Any resident, group or organization interested in submitting a legislative proposal or suggestion for revision or amendment to a state law should send it in writing by Oct. 21 to: Legislative Request, Office of the County Attorney, PO Box 2150, La Plata, Md. 20646.
Each proposal requiring enactment by the Maryland General Assembly will be included in a preliminary package that will be available for public distribution Oct. 28. Proposals will be presented to the commissioners at a public hearing at 7 p.m. Nov. 7. Anyone who submits a proposal will be asked to attend the hearing to provide a synopsis of the initiative and to answer questions.
Work sessions will be held after the hearing to review the proposals and determine which ones will be included in the commissioners' legislative package and forwarded to the Charles County delegation for consideration.
Initiatives that can be enacted locally by the county commissioners under Code Home Rule will be deferred for a public hearing to be scheduled in April.
For more information, call the Office of the County Attorney at 301-645-0555.
Artist Wins Award
North Beach artist Gary Pendleton was honored with an Award of Merit from the Mid-Atlantic Plein Air Painters Association for his painting "Water, Color, Light."
Pendleton was a participant in the fourth annual Paint Annapolis Competition, which took place Sept. 15-18 in Annapolis. His prize was an oil painting set.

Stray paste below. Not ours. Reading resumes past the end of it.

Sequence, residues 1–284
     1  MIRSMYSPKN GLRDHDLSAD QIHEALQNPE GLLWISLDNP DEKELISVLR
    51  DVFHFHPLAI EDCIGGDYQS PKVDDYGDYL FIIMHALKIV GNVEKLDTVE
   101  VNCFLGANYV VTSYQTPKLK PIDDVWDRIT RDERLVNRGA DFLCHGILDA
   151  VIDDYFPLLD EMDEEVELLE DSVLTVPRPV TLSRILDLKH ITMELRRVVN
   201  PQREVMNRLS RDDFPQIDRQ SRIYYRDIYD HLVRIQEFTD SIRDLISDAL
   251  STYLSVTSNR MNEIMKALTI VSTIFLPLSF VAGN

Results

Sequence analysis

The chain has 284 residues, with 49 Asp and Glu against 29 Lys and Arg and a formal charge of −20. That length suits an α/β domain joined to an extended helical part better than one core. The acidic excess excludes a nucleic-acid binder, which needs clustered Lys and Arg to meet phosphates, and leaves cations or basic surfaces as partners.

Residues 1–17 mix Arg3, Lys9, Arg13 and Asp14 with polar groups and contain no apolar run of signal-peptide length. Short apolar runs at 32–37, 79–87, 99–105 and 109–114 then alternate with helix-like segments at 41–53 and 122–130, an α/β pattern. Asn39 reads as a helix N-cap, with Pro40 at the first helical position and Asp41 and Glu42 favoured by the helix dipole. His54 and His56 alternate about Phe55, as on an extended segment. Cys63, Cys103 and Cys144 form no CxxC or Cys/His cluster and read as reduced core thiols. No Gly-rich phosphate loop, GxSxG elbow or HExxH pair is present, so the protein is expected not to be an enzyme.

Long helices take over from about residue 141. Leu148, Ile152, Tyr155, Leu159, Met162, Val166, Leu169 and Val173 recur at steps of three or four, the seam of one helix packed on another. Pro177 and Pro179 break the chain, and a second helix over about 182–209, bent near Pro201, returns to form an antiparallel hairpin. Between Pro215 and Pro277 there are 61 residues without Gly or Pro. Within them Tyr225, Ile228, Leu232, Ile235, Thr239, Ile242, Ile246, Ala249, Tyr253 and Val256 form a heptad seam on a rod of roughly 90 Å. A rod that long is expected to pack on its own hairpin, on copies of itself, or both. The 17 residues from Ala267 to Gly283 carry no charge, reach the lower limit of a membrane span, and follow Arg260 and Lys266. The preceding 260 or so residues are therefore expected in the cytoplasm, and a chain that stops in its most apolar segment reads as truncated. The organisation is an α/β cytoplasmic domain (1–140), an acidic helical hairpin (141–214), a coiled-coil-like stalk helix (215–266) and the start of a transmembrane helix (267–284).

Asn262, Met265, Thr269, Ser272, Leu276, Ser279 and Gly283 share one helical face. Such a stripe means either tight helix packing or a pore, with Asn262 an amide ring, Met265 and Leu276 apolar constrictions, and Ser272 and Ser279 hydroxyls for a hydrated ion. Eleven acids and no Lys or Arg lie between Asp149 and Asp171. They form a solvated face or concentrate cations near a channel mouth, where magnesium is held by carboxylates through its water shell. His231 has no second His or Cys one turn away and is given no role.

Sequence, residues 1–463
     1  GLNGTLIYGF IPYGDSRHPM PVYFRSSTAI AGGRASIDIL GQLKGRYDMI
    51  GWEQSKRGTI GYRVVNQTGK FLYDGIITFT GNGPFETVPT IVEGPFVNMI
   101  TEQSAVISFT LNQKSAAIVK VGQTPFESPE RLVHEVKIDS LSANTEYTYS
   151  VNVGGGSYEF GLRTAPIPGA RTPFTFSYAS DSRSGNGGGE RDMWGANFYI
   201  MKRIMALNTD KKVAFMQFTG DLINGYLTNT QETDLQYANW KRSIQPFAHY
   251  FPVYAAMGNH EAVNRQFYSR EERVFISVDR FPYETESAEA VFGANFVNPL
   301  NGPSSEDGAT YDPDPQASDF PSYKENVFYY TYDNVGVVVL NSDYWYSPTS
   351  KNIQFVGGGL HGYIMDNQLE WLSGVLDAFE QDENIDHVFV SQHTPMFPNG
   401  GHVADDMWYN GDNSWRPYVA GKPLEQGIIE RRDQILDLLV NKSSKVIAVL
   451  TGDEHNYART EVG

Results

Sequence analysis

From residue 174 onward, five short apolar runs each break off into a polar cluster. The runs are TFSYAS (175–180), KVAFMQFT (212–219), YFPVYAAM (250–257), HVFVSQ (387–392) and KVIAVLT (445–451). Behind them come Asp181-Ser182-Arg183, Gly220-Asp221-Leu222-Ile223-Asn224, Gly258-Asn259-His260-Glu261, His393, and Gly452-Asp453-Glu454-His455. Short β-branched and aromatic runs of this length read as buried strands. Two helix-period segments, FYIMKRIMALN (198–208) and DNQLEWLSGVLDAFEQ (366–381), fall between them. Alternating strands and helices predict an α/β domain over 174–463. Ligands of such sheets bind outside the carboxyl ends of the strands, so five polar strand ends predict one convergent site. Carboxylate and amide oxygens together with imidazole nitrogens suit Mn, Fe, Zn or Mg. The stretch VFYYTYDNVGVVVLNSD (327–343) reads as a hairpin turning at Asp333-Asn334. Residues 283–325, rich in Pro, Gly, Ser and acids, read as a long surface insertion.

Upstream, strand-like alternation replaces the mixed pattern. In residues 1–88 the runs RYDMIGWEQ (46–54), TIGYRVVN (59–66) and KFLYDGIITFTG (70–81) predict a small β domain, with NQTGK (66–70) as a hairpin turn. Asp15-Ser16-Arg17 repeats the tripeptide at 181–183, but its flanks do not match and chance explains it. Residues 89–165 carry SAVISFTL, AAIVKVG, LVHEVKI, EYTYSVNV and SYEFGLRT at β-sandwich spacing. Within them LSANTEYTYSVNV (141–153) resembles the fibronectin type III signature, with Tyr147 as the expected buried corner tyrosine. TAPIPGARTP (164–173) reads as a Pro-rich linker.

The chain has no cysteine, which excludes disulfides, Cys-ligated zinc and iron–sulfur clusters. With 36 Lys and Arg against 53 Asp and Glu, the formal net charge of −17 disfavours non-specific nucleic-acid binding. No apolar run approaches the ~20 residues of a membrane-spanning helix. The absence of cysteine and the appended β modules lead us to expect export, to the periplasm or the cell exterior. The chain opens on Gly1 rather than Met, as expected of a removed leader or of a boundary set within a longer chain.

Twenty-five artists were chosen to participate in this year's event. They were required to complete and frame two paintings in three days. The finished works competed for more than $5,000 in prizes.
Pendleton is a member of the musical group Rockfish, a North Beach Town Council member and an insurance agent.
All works from the event are on exhibit at the Chaney Gallery in the Maryland Hall for the Creative Arts, 801 Chase St., Annapolis.
Council Members Sought
The Charles County commissioners are seeking county residents to fill two vacancies on the Area Council on Aging.
The 16-member council advises the commissioners on the needs, problems and concerns of the county's senior citizens and assists in the development and review of the Area Aging Plan. Members serve four-year terms.
Meetings are scheduled at 9:30 a.m. on the second Thursday of each month in La Plata. One vacancy is a full-term position, and the other is for an unexpired term that ends in 2008.
Anyone interested in serving on the Area Council on Aging should contact Linda Rollins, clerk to the county commissioners, at 301-645-0554 or 301-870-3000 or by e-mail at email@example.com to obtain an application form. Applicants also may download a form from the Charles County Government Web site, www.charlescounty.org/boards/application.pdf. Applications are due by 4:30 p.m. Oct. 14.
Five members of the board of directors of the Southern Maryland Electric Cooperative (SMECO) recently completed training conducted by the National Rural Electric Cooperative Association (NRECA).
W. Rayner Blair III of Lexington Park, John H. Bloom, Jr. of Indian Head and Fern G. Brown of White Plains earned Credentialed Cooperative Director (CCD) certificates.
James A. Richards of Brandywine and Joseph V. Stone Jr. of Leonardtown earned Board Leadership certificates.